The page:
FDSNFrontul Democrat al Salvarii Nationale (Romanian: Democratic National Salvation Front)
FDSNInternational Federation of Digital Seismograph Networks (various locations)
FDSNFederation of Digital Broadband Seismographic Networks
References in periodicals archive ?
The main types of dividing lines manifesting in Romania in 1992 were ideological, between the left and the right (which manifested rather more like a rupture between the ones who had won and the ones who had lost as a result of the political change), ethnic (visible especially in Transylvania, due to the strong antagonism between PUNR and UDMR), regional (which differentiated between Moldova and Muntenia, who had voted for FDSN and Bucharest and Transylvania, where CDR had won) and rural urban (Ion Iliescu had won 54% of the votes in the rural areas and only 36% in the large cities, while Emil Constantinescu was the favorite in the large cities, where he had obtained 42% of the votes, in contrast to the 24% gained in the rural area) (Ghebrea, 2007: 260).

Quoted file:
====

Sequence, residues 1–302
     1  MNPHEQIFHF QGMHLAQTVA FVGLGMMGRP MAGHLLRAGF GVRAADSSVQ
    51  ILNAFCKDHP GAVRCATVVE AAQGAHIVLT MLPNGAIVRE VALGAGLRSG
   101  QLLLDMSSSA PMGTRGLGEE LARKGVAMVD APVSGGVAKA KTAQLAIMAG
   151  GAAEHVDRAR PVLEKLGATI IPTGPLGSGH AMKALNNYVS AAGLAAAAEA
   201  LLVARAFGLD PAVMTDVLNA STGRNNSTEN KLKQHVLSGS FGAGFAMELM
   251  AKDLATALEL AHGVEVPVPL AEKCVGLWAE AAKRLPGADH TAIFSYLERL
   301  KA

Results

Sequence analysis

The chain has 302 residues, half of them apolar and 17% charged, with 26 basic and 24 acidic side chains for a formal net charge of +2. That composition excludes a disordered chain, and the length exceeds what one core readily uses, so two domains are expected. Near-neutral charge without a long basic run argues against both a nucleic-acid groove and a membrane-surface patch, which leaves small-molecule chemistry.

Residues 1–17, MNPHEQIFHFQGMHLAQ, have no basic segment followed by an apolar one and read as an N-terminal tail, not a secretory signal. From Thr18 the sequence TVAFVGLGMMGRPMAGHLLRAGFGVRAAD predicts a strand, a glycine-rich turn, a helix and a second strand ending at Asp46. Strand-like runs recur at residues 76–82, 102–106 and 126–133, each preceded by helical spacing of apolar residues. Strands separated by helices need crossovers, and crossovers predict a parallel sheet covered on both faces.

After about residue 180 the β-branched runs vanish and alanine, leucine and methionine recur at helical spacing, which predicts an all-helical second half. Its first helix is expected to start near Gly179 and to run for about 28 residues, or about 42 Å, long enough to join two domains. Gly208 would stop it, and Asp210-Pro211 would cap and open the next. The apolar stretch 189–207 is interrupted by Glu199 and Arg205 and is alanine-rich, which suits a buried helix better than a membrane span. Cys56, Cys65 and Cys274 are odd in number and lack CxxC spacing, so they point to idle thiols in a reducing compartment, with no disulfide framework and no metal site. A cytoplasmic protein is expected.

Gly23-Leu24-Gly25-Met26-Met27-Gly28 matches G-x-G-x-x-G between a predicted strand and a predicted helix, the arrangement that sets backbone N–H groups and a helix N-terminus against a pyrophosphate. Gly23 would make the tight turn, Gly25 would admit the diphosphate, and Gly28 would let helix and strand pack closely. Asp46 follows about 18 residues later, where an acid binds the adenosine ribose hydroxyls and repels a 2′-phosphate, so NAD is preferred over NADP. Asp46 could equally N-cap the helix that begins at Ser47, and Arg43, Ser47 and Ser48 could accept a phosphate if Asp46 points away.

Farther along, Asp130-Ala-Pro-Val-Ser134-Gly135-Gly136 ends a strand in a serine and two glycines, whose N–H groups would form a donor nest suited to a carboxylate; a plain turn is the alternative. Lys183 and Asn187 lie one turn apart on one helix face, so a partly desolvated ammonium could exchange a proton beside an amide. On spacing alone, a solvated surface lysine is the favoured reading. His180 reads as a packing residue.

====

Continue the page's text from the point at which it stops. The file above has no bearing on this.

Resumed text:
One of the paradoxes which characterized the beginning of the transition period in Romania was that the 1990 and 1992 elections were the only elections after 1989 which were won by a single political party: FSN in 1990 and FDSN in 1992.
His party, the FDSN, won a plurality in both chambers of Parliament.
The FSN split into two groups, led by Ion Iliescu (FDSN) and Petre Roman (FSN) in March 1992; Roman's party subsequently adopted the name Democratic Party (PD).
Rural voters, who were grateful for the restoration of most agricultural land to farmers but fearful of change, strongly favored President Ion Iliescu and the FDSN, while the urban electorate favored the CDR (a coalition made up by several parties--among which the PNTCD and the PNL were the strongest--and civic organizations) and quicker reform.